UNDER lockdown, parcel deliveries have become a lifeline, especially for disabled people or those shielding.
Citizens Advice has found that approximately 7 million disabled people had a problem with their parcel deliveries in a single week. This number jumps to just over 9 million people when looking at those in the shielded group, which also includes those who are elderly, pregnant or have a long-term illness.
These problems include parcels left in inaccessible places, delivery drivers not leaving enough time for people to answer the door, and goods not being delivered on time or at all.
Over the past few months, UK consumers have become increasingly dependent on online shopping and spending has increased exponentially, with an average of £2.5billion spent a week online in June, compared to £1.5billion in February (a 62 per cent increase).
Despite this increasing reliance, Citizens Advice has seen a 119 per cent increase in people seeking help on parcel issues on its website since lockdown began in March.
Charlotte, a quadruple amputee who uses delivery services frequently, explains how more still needs to be done: “I find it difficult to get to the shops so I’m reliant on home deliveries. I need more time to get to, and open, the door when I get a parcel delivered.
“I have a sign in my front door asking for deliveries and post to be taken to the side entrance as it’s more accessible. But nine times out of ten my sign is ignored and my parcels are left in places I cannot access.”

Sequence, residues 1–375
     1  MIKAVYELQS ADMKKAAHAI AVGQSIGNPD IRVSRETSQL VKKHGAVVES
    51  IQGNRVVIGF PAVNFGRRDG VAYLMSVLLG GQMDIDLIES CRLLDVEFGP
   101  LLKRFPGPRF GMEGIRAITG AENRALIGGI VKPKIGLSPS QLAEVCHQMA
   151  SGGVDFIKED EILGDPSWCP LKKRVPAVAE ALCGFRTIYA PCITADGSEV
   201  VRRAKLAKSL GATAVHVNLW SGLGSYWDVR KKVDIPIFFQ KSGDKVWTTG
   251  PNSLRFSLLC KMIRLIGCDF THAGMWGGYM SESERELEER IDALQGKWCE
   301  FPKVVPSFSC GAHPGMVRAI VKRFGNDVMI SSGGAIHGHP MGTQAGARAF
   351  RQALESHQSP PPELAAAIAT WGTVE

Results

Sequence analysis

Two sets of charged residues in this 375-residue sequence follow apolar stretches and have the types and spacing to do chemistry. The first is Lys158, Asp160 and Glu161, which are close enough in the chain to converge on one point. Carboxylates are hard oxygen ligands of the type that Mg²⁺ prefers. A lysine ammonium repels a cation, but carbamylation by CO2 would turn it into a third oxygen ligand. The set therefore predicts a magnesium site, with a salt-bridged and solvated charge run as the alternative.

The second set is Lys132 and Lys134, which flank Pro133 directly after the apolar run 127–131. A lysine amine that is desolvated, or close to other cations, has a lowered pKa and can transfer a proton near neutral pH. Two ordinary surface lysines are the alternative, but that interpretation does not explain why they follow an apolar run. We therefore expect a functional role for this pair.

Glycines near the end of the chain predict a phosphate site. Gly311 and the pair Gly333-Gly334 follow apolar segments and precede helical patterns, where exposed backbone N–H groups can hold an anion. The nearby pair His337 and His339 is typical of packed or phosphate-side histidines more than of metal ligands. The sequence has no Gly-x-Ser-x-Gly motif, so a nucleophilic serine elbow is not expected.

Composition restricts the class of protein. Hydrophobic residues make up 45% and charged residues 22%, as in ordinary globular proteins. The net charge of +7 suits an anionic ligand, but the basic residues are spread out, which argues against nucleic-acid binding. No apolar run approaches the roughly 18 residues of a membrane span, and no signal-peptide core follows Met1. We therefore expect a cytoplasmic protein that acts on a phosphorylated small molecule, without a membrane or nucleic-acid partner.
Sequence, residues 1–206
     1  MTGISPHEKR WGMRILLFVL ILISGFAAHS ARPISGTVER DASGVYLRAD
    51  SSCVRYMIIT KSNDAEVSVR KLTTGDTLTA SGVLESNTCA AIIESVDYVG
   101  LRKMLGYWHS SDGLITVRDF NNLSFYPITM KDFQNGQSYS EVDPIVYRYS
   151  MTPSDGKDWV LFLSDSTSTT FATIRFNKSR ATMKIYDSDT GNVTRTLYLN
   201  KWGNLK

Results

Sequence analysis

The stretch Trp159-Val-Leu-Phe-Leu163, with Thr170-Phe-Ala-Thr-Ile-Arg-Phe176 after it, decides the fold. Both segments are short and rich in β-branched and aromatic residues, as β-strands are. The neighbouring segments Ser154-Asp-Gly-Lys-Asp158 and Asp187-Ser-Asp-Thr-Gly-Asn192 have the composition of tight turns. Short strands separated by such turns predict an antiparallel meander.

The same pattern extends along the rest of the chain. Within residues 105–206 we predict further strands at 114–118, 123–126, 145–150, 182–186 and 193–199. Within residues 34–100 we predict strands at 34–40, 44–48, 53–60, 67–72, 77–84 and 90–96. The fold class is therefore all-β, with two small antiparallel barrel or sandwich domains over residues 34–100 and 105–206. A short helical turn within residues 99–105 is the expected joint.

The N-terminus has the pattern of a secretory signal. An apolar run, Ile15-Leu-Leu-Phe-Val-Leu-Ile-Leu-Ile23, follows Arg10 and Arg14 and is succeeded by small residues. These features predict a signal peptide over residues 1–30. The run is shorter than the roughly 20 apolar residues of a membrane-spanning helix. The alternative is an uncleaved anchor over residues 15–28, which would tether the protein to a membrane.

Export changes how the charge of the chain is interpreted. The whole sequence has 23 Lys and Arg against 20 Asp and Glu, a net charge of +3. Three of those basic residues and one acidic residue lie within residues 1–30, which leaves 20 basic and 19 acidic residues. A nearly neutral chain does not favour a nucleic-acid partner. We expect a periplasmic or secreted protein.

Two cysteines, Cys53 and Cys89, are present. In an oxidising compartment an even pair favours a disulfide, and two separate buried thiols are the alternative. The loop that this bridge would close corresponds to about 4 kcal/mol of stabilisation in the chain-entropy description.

Last year, Citizens Advice called on delivery companies to improve parcel deliveries for disabled people. But with many disabled people belonging to the shielded group or relying even more on parcel deliveries due to COVID-19, ensuring that everyone has equal access to delivery services has become more important than ever.
Five UK parcel companies committed to finding a way to do this, including DHL Parcel, Hermes, DPD, Menzies, and Parcelly. They agreed to find a way to:
- Allow disabled people to specify their explicit accessibility needs and pass these onto the driver making the delivery. This could include allowing more time for drivers when delivering and leaving parcels in accessible locations that are easy to reach.
- Publish detailed accessibility information online so disabled people can choose where they can pick up and drop off parcels. Many delivery companies, including some major players, have yet to sign the pledge meaning millions of deliveries remain inaccessible or don’t meet the needs of disabled consumers.
Citizens Advice is urging all companies to commit fully to its pledge to make sure they’re giving all consumers equal access to this essential service.
Dame Gillian Guy, chief executive of Citizens Advice, said: “It’s hard to imagine how many of us would get through lockdown without getting parcels delivered.
“They’ve allowed us to retain a sense of normality and helped businesses to stay afloat. But for many disabled consumers or for those previously shielding, parcel delivery has become a lifeline for accessing essential items.
“We’d like to see all parcel companies sign our pledge so they can deliver for everyone, regardless of their accessibility needs.”
Contact Citizens Advice if you need help with delivery problems. Phone us on 01308 456594 or call Dorset AdviceLine on 0344 111 444 or send an email to firstname.lastname@example.org and we will call you back.
We are also offering a limited drop-in service Monday to Friday following government social-distancing guidelines from 10am at 45 South Street, Bridport, DT6 3NY.